Media, Technology, and Education

Wii Streaming

A few months ago, Liz bought a Roku so that she could stream Netflix content to her television.  She complained slightly about the $80 price tag for a device that can only do one thing.  But overall, she has been very happy with the Roku.  Netflix has been pushing its users to watch content instantly, without the need for the shipping of a DVD.  Watching instantly is really a win-win situation.  We content consumers win because we don’t have to wait for the US Mail to deliver our DVDs to us and then back to Netflix when we’re done.  It’s a big win for Netflix if we watch instantly because shipping costs have made the company the largest customer of the US Postal Service.  If we watch instantly, no DVD needs to be shipped and therefore, Netflix saves that postage cost.  I’ve watched some content directly on my laptop but I don’t find it as compelling as watching the content on my TV.  But I also didn’t want to spend money on another stand-alone electronic device.

Netflix has the answer!  They have recently sent me a DVD to put into my Wii (which I already own as those of you who have laughed at my Wii injury know) so that I can access my Netflix queue via the Wii.  I set everything up this afternoon, which was amazingly easy. Within a few minutes, Iwatched my first instant content in all its surround-sound glory.  Set up might take longer if you don’t already have your Wii connected to a wireless or wired network.  But if it’s already set up to automatically connect to your home network, the rest of the set up involves the simple insertion of the Netflix DVD into your Wii.  The content that I watched this afternoon suffered no network delays making it indistinguishable from watching on a DVD.  Actually, it might be better to watch instantly since I sometimes get DVDs from Netflix that are so scratched up and dirty that they are virtually unwatchable.  And the amount of content that is available for watching instantly is quite remarkable.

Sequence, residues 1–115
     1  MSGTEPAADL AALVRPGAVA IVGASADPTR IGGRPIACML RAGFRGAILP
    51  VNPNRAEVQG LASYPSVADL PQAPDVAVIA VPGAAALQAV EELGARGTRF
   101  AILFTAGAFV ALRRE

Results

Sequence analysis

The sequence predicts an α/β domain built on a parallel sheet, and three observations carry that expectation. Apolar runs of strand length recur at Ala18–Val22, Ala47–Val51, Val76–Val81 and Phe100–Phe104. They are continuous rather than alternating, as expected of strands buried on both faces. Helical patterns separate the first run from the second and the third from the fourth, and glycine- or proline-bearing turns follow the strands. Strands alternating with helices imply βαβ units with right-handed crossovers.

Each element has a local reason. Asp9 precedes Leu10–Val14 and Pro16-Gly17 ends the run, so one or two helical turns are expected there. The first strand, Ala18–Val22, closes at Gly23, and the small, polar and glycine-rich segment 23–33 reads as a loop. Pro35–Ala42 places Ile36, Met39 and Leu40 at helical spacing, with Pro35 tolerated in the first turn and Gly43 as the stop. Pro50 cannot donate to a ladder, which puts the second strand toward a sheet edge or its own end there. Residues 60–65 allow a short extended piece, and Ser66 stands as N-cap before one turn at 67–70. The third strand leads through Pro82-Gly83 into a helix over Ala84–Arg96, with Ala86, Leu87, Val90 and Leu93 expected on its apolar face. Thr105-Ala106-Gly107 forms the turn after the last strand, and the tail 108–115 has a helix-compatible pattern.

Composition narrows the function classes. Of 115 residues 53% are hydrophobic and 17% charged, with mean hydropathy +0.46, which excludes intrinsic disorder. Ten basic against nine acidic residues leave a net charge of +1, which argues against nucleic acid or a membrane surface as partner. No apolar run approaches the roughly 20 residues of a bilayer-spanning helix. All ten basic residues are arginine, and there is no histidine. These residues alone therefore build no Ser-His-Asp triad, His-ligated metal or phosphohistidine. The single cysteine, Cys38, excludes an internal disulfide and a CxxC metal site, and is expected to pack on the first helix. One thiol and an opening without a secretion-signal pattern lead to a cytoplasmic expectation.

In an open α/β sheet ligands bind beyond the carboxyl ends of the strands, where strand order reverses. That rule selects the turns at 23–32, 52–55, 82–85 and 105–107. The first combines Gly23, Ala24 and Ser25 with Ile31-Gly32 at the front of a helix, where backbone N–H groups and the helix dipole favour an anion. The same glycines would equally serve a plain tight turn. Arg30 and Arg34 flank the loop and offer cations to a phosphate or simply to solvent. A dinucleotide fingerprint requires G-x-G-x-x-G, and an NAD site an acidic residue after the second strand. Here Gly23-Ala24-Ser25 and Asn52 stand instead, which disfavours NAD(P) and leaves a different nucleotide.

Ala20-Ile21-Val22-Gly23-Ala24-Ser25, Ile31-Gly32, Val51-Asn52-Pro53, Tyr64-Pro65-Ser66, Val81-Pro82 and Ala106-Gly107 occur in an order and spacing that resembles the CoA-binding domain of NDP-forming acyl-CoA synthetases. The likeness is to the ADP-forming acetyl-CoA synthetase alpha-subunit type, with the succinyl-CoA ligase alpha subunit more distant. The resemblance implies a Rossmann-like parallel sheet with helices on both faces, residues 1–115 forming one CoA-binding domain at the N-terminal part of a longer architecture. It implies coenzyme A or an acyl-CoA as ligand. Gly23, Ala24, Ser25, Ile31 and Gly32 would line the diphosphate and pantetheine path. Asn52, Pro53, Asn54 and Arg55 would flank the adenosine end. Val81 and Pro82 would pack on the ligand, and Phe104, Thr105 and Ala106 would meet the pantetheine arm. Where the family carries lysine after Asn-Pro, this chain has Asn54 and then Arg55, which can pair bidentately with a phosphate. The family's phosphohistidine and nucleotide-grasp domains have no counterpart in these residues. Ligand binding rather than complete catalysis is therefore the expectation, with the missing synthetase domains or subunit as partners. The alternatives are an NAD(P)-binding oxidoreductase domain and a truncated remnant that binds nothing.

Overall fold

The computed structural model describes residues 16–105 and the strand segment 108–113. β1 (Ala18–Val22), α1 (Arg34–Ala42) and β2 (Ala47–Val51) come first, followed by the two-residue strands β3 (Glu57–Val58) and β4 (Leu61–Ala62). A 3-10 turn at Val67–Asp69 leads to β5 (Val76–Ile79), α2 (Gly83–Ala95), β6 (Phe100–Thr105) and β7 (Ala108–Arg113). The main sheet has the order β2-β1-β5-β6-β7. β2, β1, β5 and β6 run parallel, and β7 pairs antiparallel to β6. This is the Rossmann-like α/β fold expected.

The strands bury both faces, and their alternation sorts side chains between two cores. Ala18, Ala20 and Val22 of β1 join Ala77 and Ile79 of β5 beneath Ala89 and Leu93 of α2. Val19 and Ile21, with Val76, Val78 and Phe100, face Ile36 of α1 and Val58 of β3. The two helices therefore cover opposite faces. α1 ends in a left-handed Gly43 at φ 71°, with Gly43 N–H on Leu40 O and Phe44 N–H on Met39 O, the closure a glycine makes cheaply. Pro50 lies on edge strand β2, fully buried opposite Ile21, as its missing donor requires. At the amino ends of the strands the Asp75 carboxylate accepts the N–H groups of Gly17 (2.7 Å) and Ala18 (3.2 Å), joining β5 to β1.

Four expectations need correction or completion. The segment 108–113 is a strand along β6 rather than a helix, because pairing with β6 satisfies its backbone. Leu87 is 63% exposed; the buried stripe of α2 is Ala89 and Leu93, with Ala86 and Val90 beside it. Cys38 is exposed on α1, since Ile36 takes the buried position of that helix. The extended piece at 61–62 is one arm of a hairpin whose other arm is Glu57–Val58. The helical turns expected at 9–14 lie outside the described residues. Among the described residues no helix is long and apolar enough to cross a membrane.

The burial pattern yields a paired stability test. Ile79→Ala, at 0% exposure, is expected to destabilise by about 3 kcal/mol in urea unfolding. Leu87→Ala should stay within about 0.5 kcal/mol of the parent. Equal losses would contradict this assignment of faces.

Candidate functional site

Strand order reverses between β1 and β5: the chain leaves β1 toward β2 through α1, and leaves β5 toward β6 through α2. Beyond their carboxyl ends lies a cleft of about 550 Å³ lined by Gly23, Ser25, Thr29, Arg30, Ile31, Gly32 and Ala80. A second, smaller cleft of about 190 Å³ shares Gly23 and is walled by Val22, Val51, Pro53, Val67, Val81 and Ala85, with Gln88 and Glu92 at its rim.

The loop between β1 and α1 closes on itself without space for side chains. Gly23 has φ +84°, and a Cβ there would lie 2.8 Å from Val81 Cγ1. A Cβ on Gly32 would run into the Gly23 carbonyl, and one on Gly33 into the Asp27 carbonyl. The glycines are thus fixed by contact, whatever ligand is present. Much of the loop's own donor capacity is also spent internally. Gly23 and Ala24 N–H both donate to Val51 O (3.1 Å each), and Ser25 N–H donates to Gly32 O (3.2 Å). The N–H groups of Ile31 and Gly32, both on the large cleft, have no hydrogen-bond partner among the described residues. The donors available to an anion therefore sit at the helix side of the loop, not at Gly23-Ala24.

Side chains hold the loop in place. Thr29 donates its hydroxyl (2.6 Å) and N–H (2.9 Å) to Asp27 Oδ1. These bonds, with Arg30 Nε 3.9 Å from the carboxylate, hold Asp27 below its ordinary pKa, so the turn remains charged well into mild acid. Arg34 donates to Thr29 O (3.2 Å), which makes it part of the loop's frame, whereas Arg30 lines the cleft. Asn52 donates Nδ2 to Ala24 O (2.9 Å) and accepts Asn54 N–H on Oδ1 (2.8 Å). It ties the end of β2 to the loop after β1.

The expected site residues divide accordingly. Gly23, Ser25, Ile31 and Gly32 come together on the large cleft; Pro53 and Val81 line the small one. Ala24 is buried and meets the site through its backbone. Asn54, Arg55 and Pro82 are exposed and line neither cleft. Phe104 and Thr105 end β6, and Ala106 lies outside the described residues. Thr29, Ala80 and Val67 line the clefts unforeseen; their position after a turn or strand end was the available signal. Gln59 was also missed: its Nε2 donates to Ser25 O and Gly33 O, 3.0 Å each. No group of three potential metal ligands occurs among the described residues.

The only complaint I have about the experience so far is that navigating my Watch Instantly queue is a bit different than navigating through it on my computer.  It seems as though items should appear on the Wii in the same order that they appear on my computer but things looked different enough that I don’t think the order is the same.  But that’s a minor complaint since I haven’t really managed my Watch Instantly queue with the same attention to detail that I’ve used on my DVD queue.  Maybe that will change as I switch to using the Wii more often.

And, by the way, Happy Birthday, Liz!

Article written by:

I am currently Professor of Digital Media at Plymouth State University in Plymouth, NH. I am also the current Coordinator of General Education at the University. I am interested in astrophotography, game studies, digital literacies, open pedagogies, and generally how technology impacts our culture.


  1. Phil Lonergan, Art Department, Athletic Council